The fast food giant pioneered methods of attracting school children to its stores — from Happy Meals to marketing schemes like McTeacher’s Nights, an exploitative fund-raiser that takes advantage of teachers for very little in return.
The shameful practice of tracking poor students into blue-collar jobs contrasts with millions of rewarding, high-paying trade jobs sitting empty.
Politically there may be a big difference between students’ safety and drug addicts. Ethically, there is none, and financially, addicts are being lethally short-changed.
One court decision upholds corporate tax vouchers for private schools, another diminishes the role of local school boards in deciding what charter schools may operate.
The number of American K–12 children educated at home increased from 1.09 million in 2003 to 1.77 million in 2012. That means they make up 3.4 percent of the nation’s school population.
Bill sponsor Jeremy Ring, a Margate Democrat who is a former Yahoo executive, said the proposal would give Florida students a “true leg up” in the increasingly tech-driven world.
While there’s a growing consensus on the value of preschool, states disagree on where the programs should be based, who should run them, or how the government should support them.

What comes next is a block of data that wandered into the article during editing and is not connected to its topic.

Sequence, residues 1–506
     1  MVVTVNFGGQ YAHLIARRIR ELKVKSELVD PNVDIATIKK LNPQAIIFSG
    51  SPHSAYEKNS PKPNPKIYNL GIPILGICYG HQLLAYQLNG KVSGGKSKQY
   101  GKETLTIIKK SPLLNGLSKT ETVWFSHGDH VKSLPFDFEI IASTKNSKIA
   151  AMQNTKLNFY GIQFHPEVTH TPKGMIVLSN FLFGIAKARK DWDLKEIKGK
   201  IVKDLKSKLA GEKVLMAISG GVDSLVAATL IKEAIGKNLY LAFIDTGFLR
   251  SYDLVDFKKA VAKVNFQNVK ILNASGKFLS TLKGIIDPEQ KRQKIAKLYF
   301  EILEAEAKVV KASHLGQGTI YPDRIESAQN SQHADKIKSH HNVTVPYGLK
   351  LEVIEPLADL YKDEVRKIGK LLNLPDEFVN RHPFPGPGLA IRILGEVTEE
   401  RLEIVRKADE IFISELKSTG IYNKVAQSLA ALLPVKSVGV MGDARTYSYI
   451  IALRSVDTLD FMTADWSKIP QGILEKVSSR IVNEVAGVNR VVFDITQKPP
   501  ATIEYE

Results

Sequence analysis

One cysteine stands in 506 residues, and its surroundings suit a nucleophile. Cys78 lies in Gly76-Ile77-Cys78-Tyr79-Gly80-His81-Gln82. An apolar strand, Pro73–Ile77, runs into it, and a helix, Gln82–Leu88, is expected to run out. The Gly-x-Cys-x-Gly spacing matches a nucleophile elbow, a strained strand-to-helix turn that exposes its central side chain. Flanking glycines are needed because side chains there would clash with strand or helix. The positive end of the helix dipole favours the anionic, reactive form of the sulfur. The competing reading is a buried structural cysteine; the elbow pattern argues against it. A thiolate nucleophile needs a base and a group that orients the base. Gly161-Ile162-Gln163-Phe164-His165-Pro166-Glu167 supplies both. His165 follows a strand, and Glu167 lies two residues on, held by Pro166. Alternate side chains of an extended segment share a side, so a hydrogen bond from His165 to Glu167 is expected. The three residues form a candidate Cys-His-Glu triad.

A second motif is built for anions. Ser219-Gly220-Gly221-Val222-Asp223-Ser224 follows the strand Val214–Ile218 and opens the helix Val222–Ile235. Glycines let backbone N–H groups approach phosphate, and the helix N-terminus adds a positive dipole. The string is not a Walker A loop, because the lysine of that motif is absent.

The special session’s much-touted tax cut of $427 million is wiped out by a nearly $500 million tax increase to pay for education funding increases.
Malala Yousafzai is the 17-year-old Pakistani girl and activist for girls’ education who in 2012 was shot in the head by a shaking, demented terrorist whose allegiance to the Taliban tells us all we need to know about the lethality of religious fundamentalism. Any kind of fundamentalism, really.
It’s a sad notion that administrators, school boards, human resources offices and so-called reformists have unfortunately inculcated in teachers over the years, this idea that if you want to be successful or be taken seriously, or make any sort of impact, that you must stop teaching to do so.